I think scheduling your bookkeeping is a bit like exposure therapy. The more you realize working on your bookkeeping won't kill you, the less anxiety you'll have around it. It's just what you sit down and do at 3 pm on Thursdays.
Build a gentle yet disciplined practice of reviewing your financial statements at least every quarter.
Does your P&L feel like a foreign language? I feel you... you're not alone. Check out my blog & video where I explain a simple way to understand what your P&L tells you.
Don't do this in the same sitting as your bookkeeping! I'm a firm believer you need some space to let your brain rest and to be able to see the forest for the trees. I love playing around with numbers, but even I miss otherwise obvious things when I attempt and do too much in one sitting. I'd really suggest you consider scheduling a time where you aren't actually making any bookkeeping entries, you're just reviewing the financial reports created by your bookkeeping.
Will you understand everything you're looking at? Maybe not! And that's totally ok. Just practice engaging with and examining the books. And then as you begin to become more familiar with what your reports look like, you can learn more about what specific line items and other details mean.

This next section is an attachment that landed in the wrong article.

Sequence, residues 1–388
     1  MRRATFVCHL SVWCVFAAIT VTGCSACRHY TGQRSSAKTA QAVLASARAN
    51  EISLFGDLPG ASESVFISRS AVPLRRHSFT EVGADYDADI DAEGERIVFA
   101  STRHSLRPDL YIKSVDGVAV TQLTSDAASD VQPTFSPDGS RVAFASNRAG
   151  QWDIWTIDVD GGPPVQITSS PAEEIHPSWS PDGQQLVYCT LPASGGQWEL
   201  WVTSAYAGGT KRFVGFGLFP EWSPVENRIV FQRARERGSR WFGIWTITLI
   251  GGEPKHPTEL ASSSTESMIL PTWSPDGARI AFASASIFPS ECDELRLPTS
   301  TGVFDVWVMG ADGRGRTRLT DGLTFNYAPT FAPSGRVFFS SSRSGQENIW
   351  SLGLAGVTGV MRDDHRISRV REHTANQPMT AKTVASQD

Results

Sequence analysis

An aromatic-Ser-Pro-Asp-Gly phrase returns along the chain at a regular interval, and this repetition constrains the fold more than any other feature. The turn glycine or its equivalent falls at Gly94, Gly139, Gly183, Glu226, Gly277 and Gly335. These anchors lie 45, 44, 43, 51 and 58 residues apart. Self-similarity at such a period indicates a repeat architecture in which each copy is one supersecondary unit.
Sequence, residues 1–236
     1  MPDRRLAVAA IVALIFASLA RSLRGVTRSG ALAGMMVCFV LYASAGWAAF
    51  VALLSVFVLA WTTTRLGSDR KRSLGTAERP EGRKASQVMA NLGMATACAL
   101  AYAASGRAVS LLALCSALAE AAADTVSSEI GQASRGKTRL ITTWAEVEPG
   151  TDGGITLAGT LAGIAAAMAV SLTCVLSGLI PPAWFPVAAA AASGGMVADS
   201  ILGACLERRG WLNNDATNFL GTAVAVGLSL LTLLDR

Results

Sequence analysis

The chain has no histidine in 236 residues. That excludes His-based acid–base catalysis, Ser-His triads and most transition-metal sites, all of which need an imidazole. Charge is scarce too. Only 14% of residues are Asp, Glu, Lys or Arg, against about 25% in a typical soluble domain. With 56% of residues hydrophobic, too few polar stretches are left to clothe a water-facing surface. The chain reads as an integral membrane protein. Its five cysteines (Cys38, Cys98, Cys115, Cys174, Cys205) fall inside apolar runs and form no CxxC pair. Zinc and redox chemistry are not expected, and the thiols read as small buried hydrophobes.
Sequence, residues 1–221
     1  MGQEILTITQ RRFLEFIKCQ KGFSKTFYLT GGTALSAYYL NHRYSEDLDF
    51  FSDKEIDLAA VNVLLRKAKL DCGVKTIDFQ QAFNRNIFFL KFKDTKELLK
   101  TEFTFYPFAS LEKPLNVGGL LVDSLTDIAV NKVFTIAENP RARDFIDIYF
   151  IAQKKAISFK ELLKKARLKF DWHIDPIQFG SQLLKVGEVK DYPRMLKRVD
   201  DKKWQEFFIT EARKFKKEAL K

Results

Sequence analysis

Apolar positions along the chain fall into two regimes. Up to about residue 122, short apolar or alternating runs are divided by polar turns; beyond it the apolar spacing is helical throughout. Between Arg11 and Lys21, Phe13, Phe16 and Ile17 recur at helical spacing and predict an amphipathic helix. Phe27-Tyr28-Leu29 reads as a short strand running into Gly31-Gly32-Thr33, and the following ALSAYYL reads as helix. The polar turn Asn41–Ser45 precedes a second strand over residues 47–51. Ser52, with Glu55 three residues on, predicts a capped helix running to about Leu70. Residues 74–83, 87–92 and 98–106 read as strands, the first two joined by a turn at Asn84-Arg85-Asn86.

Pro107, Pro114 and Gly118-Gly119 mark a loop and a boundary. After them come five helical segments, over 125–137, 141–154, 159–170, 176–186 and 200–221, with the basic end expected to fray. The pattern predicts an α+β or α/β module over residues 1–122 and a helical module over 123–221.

I think Dr. Marie Fang has quite a few good videos on her YouTube channel on the topic of Finance & Accounting. A few to consider watching:
You might also check out Money Nuts & Bolts to help you get a bookkeeping system that works for YOU. Linzy is a therapist and a fellow numbers aficionado.
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Part Two: Taxes
Ok, bookkeeping was pretty fun. Right? Taxes? Ok, I'll give it to you... taxes are less fun.
There is a LOT to understand here. You don't need to be an expert on taxes, but understanding the basics will help you reduce any money anxiety and help you make more empowering financial decisions in your business.
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Taxes are confusing. And they're not fun. And yet, they are important. When it comes to understanding the taxes your pay on your income from your private practice, there are three big ones to keep in mind: income tax, FICA tax and payroll tax.
I know this might not be the most exciting content, but I think it's important to understand the basics of taxation. Why? Because it will help you both better prepare for taxes AND understand ways you can minimize your tax burden.
For an introduction to the basics around deductions, be sure and check out my video on Understanding your Practice P&L.
Some tax deductions are more complex (and more often forgotten) than others. Make sure and check out my blog post on the seven tax tips every therapist should know before filing their taxes.
Dr. Marie Fang has an informative video about Tax Deductions in Private Practice.
Melvin Varghese, host of Selling the Couch Podcast, has put together a helpful Tax Write-Off Checklist for Mental Health Private Practitioners.
S-Corp's are complex and something to really carefully consider (often in collaboration with a financial planner, CPA and/or attorney). Too often I see therapists jump into an S-Corp before they fully understand the downsides and whether to (non-trivial) increase in administrative and compliance burdens justify the tax savings. There are a lot of factors that go in to determining whether, and how much, tax an S-Corp can save you.